ITAC winners dish on oil spills, health research

With BP’s drilling facility still leaking oil into the Gulf of Mexico, Toronto-based software company Dyadem International Inc. took home the Information Technology Association of Canada’s 2010 Corporate IT Hero Award for a piece of software that might have helped curtail the environmental disaster.


Dyadem was awarded the annual ITAC prize for its flagship Stature software platform. The Web-based application aims to improve change and risk management by managing the risks associated with hazardous processes and the quality issues associated with designing and building products.

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In the pharmaceutical industry, for example, Dyadem’s centralized platform would keep a global drug company fully connected, with the design team using the same Web software as the manufacturing team.


But while Dyadem has flourished in this space, CEO Kevin North said the company started out specializing in the oil and gas sector. With Stature, North said, BP could have identified potential failures around equipment and drilling processes.


“On the other side, we actually can use the exact same software for protecting employees, putting mitigating procedures in place and best practices to protect the employees when an event like that does happen,” he said.


“At the very least I know the company would be in a state of preparedness and readiness and they would be thinking far beyond compliance,” he added.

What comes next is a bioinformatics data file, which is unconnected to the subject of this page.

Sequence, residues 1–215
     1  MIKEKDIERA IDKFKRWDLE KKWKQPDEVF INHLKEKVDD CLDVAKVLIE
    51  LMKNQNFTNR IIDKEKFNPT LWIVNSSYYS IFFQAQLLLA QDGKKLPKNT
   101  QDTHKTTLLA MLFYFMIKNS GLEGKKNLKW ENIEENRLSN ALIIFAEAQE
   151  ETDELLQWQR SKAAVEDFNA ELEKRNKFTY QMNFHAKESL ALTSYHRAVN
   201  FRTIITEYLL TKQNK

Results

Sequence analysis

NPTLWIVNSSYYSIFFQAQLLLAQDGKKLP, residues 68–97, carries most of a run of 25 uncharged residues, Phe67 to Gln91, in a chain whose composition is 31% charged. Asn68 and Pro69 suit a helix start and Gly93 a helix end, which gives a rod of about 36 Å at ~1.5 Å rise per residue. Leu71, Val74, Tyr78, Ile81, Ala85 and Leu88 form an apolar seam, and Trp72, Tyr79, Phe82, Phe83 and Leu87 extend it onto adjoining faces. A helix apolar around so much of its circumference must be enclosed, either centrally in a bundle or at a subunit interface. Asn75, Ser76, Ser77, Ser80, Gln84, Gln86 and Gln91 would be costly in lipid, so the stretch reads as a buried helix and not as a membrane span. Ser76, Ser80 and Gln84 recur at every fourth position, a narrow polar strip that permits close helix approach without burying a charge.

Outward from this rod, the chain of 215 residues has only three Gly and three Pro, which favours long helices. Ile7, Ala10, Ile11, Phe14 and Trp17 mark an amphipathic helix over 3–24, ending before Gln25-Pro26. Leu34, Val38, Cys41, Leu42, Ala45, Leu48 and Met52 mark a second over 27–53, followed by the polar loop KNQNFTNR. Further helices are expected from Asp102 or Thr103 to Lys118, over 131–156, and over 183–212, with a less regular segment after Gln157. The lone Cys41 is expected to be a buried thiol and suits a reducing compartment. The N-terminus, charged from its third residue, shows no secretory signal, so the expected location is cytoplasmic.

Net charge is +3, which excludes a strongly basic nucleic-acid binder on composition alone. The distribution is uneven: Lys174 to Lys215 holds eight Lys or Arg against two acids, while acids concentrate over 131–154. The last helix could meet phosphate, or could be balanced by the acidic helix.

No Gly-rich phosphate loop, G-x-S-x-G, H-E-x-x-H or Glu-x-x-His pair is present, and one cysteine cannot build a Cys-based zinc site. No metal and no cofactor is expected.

North said the problem with many companies is they’re just thinking about compliance as opposed to proactive risk management. Companies need to ensure they never take anything for granted in their processes, which he said, can only be accomplished with the right company culture and a centralized software platform for risk and change management.


The ITAC award was “flattering” and an “honour” to win, North said. It was especially nice to be recognized because of how well the company’s platform fit the award criteria as a technology that improves the lives of Canadian employees and the conduct of Canadian businesses, he said.


“Our awards program is very important to us and it means something to customers and employees,” North said.


In addition to the corporate winner, ITAC also dished out its annual Community IT Hero Award to a monitoring tool developed by Toronto’s Centre for Addiction and Mental Health.


The Metabolic Health Monitor (MHM) tool aims to aid clinicians in tracking metabolic risk markers such as personal history, weight, Body Mass Index and blood pressure among people suffering from serious mental illness. Dr. Tony Cohn, a lead psychiatrist at CAMH, developed the Web-based system with a particular focus on patients with schizophrenia.


He said the MHM will allow clinicians to study these patients and the medications they use, which can sometimes contribute to unhealthy weight gain, increased diabetes risk and higher rates of cigarette smoking.


“This population hasn’t had good preventive health care,” Cohn said, adding that doctor’s offices are often too busy to deal with these special circumstances and push patients along.


As a result of the award, Cohn hopes that the tool might garner some attention at other health research centres. And because of the platform is available via the Web, the tool could easily be applicable to hospitals around the world, which could also give CAMH the opportunity to compare and contract their data with other regions.

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